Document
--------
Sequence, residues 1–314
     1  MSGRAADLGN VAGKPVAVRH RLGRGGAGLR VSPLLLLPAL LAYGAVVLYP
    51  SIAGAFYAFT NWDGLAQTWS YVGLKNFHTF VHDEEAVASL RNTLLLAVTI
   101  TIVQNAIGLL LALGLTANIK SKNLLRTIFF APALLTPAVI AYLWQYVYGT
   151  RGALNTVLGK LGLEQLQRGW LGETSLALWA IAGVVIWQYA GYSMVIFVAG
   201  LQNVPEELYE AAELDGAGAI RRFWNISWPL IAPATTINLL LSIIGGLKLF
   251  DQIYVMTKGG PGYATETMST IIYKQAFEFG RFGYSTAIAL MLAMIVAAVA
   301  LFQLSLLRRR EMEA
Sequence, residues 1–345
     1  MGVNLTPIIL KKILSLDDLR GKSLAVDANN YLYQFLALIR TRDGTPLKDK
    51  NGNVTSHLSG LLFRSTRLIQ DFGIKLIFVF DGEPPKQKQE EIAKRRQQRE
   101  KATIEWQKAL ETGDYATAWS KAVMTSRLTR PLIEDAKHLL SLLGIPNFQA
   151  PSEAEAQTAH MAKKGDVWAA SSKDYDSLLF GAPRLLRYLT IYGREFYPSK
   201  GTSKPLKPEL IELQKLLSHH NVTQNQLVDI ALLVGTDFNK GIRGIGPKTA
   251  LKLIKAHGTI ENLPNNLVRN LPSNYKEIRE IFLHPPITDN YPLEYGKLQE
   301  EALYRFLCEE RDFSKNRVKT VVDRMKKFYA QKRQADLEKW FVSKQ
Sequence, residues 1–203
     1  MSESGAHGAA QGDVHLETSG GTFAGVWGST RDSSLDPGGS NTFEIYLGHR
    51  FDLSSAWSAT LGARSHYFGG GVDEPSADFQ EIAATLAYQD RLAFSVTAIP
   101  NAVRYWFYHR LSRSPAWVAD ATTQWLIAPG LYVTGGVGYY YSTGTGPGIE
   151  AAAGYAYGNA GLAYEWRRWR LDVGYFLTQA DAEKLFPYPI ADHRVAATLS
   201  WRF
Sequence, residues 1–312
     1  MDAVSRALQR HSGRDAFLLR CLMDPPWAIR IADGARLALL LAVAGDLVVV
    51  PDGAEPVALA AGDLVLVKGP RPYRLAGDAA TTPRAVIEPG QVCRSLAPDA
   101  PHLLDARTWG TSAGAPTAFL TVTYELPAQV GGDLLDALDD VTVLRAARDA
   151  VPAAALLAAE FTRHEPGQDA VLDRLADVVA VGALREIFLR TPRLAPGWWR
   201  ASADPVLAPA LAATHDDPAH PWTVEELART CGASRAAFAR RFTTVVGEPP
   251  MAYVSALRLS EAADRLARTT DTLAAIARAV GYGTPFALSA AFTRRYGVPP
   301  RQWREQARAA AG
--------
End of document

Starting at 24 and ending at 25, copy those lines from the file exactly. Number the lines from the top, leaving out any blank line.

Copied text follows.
     1  MDAVSRALQR HSGRDAFLLR CLMDPPWAIR IADGARLALL LAVAGDLVVV
    51  PDGAEPVALA AGDLVLVKGP RPYRLAGDAA TTPRAVIEPG QVCRSLAPDA